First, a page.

It’s the future and after some sort of presumed apocalyptic event, society has been rebuilt with all emotion, all differences, all fear and joy removed. The village is neat and symmetric and the family has been replaced by a unit, mother, father, two children of different ages, each in their assigned domicile. Reflecting this is the black and white cinematography: this particular future really is colorless, not just in terms of skin color, but in terms of the entire range of human experience.
Based on a book of the same name, The Giver stars Brenton Thwaites as Jonas, a boy who has had the ability to see and experience more than just the grey of his world. He’s turning sixteen and while his friends Asher (Cameron Monaghan) and Fiona (Odeya Rush) are assigned specific jobs in their Ceremony of Growth, Jonas is left for last and assigned the unusual role of Receiver of Memory. If you’re sensing an echo of the setup of the recent teen sci-fi thriller Divergent, you’d be right. Jonas has all four qualities that the Council seeks in a Receiver; intelligence, courage, integrity, and wisdom. Tris, in Divergent, learns she doesn’t fit in either, but unlike Jonas, it’s up to her to escape the bonds of the society and find her own role.
The Giver of Memories is played by Jeff Bridges, in a role quite reminiscent of his role as “cultural village elder” Flynn in Tron: Legacy. It’s his task to act as a human storehouse of all the memories of humanity, all the emotions, experiences that have been banned from the community. Leading the Council of Elders is The Chief Elder (Meryl Streep) who masks her own sense of the loss of their collective humanity in a passion for order, logic and what’s best for everyone.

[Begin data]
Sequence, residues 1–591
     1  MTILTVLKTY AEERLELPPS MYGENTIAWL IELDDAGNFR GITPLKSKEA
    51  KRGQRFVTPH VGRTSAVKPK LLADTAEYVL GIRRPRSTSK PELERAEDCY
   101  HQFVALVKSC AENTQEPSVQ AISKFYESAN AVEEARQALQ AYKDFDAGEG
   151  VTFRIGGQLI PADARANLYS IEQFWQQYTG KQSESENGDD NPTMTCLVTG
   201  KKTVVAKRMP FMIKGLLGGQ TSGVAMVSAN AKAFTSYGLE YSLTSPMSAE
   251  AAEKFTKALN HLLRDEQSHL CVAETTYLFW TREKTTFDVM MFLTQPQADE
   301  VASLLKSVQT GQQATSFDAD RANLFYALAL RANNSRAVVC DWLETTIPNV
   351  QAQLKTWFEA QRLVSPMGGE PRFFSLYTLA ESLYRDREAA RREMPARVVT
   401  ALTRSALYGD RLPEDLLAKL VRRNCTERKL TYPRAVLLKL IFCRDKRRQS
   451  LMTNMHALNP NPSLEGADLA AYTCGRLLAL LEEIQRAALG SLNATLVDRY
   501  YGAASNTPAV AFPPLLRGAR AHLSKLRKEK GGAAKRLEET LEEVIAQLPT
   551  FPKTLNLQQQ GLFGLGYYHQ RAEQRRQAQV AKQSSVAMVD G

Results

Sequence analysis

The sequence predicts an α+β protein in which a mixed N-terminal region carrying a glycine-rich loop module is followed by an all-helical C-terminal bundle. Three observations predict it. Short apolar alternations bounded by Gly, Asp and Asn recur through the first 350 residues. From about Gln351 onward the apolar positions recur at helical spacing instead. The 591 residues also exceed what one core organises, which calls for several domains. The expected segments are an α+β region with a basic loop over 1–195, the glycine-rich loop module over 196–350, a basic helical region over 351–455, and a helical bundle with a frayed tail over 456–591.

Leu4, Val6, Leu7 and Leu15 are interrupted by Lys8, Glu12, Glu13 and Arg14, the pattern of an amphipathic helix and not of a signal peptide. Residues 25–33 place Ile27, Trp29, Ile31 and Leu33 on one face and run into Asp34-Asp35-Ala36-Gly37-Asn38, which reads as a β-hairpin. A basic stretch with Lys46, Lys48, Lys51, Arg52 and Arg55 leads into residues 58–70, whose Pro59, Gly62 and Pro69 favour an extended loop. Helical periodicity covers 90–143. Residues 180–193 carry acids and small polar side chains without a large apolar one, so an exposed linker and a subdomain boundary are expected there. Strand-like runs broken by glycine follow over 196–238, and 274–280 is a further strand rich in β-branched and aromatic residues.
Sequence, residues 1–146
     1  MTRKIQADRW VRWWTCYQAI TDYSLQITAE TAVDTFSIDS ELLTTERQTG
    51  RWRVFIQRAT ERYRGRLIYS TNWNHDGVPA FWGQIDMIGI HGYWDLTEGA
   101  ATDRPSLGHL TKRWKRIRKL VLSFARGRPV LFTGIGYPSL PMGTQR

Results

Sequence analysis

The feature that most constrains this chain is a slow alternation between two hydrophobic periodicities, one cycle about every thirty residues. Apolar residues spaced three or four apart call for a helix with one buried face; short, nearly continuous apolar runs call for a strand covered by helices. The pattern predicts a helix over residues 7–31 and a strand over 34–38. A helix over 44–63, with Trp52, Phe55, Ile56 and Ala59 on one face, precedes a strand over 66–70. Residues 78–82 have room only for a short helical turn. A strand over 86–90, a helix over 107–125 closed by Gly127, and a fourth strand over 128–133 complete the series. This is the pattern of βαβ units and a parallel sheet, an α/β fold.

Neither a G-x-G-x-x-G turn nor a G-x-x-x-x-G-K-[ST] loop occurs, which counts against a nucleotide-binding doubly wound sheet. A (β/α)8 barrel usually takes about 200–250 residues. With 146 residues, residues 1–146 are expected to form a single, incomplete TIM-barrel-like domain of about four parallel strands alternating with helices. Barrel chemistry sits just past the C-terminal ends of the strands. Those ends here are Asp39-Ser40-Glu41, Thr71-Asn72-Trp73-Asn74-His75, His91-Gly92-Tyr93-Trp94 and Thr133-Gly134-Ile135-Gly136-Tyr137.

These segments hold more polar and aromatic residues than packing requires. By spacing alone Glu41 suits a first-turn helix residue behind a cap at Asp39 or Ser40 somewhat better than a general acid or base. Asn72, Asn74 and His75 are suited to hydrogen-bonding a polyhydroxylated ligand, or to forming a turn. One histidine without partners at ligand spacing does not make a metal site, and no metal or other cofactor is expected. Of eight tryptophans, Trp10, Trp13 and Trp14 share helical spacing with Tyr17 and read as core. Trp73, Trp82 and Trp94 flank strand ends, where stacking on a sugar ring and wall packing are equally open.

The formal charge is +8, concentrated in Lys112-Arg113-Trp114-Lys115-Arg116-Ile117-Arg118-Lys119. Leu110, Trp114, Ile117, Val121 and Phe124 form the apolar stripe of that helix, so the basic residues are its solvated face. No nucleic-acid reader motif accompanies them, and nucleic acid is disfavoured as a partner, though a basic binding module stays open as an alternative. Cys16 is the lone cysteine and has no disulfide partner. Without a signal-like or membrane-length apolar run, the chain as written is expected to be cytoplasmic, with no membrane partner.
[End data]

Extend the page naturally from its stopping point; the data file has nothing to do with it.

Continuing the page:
While it comes across somewhat as a young adult movie, a typical sci-fi coming of age film, I found it quite moving, and quite appreciated that there were elements that challenged the status quo. Jonas becomes quite attached to a Gabriel, a tiny baby that his father-unit (Alexander Skarsgard) brings home to try and help grow so it won’t be culled for being underweight (in the film they refer to this as being “released to elsewhere”).
While his childhood pals Asher and Fiona grow into their positions as drone pilot and nurturer, respectively, Jonas works day after day with The Giver, absorbing memories both sweet, of weddings, dances, children laughing, sunsets, and the feeling of love, and of memories terrible, of wars, killing animals, starvation and loss. Just as the journey from the selfishness of adolescence to the responsibility to others of maturation is a shock, so is it jolting for Jonas, who finds the world around him more and more stifling as he begins to truly wake up to what it is to be human.The plot’s predictable in these sort of films so it’s no surprise that he has to rescue baby Gabe when he finds out that the little guy has failed a weigh-in, and that the newly awakened emotions Fiona has experienced after Jonas shares with her that he loves her cause her to waver and help him rather than march lockstep to the rules and laws of their civilization. And then, come on, how do these films always end? Yeah, this one does too.
I liked the book The Giver (written by Lois Lowry) and found the film provocative, if a bit shallow. Director Phillip Noyce is no newbie to the director’s chair (his filmography includes The Saint, Salt, and Patriot Games) but a lot of the effects come off as more cliché than profound, including the use of color vs. black & white throughout.
The performances are good, but at times The Giver also seems more of a stage production on film than a cinematic experience. The book’s deep. The film isn’t. But it would still be a terrific film to watch with your teen and then spark a discussion about individual versus the group, what makes us human, balancing good and bad, etc. Otherwise wait for the DVD release…